You probably noticed last month I focused a bit more on non-bird related posts (evident by the limited posts to the wildlife version of this blog). My readers have a diverse range of interests thanks to the many transformations this site has gone through over my 10 years of blogging. To keep everyone interested, I try my best to provide a range of topics, but clearly our feathered friends get the heavy feature lifting on this site. That means a bird post is never too far away… take for instance today’s featured subject..
This post comes with a word of caution. A typical post workday consists of combing through thousands of backlogged images trying to locate something interesting to share with my loyal readers. Additional time in the digital darkroom making it all pretty like and then some intimate time with a shelf full of reference materials. Once convinced of the probable ID, a quick screen grab is taken and a request for validation goes out to my brother Ron. He being a birding aficionado will take a quick look and confirm or call me out for trying to claim a fuzzy picture of a Robin as a Puffin (damn him and his crazy bird skills hehehehe). That is how it usually works. As of late, the request goes out and nothing comes back. Request goes out and nothing comes back. Sure, there is some claim about him being super busy with his day job, his analytics software, his book writing, his cult .. whoops make that nomography work, his blog, his bird excursions, his Halloween prop building, his family time, his photo process blah blah blah – I need my validations!!!!! Just kidding of course, he has so many irons in the fire now guessing he has given up all aspirations of sleep. In the meantime, going with an ID that is pretty certain. This, ladies and gentlemen, is a Red-Breasted Nuthatch.
It helps of course, that it a) actually has a red breast and b) was spotted walking DOWN a tree. If you don’t know much about birds, it is a good bet if you see a bird making its way headfirst down a tree trunk, it’s a Nuthatch. Creepers will do that from time to time as well, however, they are very distinctive brown where the Nuthatches sport a spiffy grey. Common to my stomping grounds here in fly-over country is the White-Breasted Nuthatch. That one has … wait for it … wait for it .. wait a bit more for it … just a bit more .. and now .. a white breast. It does sport some chestnut on the shoulders and lower belly but for the most part white. Already have the White-Breasted version. Then there is the Brown-Headed variety. Yes, they do have a brown head (more like a brown cap from my perspective). Next time you see a brown capped bird walking straight down a tree – think Brown-Headed Nuthatch. If not already, you are going to become a birder if you continue reading this blog whether you want to or not. A little secret – there are photos of this variety in my queue as well so yeah, that one is half checked only waiting to make its debut on this blog. The last of the 4 is the Pygmy. That one is still on the hunt list. Still extremely happy with 3 out of the 4.Hatches.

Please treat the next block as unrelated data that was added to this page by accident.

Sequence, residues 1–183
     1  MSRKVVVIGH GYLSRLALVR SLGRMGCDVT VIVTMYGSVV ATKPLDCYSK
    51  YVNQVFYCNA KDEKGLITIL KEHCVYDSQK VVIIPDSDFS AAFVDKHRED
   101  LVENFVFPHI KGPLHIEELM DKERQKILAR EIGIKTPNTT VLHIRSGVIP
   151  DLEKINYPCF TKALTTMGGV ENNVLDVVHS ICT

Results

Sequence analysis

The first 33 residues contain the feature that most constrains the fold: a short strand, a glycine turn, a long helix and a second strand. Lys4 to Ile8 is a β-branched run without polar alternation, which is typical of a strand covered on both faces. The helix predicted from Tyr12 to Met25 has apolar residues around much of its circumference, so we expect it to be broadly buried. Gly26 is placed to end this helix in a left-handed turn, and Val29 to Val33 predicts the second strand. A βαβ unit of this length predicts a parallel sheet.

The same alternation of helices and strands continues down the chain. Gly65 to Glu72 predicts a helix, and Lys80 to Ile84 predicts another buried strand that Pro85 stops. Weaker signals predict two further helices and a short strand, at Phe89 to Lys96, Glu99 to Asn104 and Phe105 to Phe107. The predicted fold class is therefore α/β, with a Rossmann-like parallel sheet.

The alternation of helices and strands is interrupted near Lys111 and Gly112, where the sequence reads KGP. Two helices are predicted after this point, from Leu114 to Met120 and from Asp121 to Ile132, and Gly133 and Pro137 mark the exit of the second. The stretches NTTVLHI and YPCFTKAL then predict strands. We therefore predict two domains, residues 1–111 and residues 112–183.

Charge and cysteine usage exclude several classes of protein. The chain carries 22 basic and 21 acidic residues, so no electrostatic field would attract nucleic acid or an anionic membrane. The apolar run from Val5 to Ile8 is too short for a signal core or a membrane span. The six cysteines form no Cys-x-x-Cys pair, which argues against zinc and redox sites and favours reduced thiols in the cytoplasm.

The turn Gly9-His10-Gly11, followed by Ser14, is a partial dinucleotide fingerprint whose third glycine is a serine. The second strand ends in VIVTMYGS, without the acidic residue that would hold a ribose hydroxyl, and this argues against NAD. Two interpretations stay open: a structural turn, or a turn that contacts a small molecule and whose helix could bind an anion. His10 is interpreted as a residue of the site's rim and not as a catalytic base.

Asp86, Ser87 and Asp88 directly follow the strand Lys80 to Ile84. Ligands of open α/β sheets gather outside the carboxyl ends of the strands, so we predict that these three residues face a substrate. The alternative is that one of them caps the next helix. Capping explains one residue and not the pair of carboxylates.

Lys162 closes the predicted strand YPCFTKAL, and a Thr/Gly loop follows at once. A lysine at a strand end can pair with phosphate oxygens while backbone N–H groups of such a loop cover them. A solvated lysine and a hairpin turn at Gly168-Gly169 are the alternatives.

Just realized the shot location hasn’t been mentioned. We found this on our recent trip along the Minnesota Lake Superior coastline back in July 2017. To be specific, at Split Rock Lighthouse State Park near Two Harbors. After parking in a lot south of the lighthouse, we made our way down to the coastline to get some shots of the building. Note to future visitors, if are not interested in paying to get up close to it, simply head own to the parking lots that have access to the coast or catch the pull off overlook further south. While walking down the trail, this specimen flew past me and latched on to the pictured tree. The lighting was horrible – in the light, out of the light as it wandered up and down the tree. Ended up only getting a few shots of it, but clearly good enough to claim the new +1.
Yikes, way out of pictures – let’s hunt up some facts. First off, the Red-Breasted Nuthatch is nimble enough to walk straight down tree trunks, but you know that now don’t you hehehe. Only other worthwhile tidbit from Cornell’s site is they utilize “resin globules” obtained from coniferous trees to protect their nests from predators. Immediately thought Ghostbusters and being slimed.
Time to wrap this post up. Hope you enjoyed reading and seeing the pictures of my new +1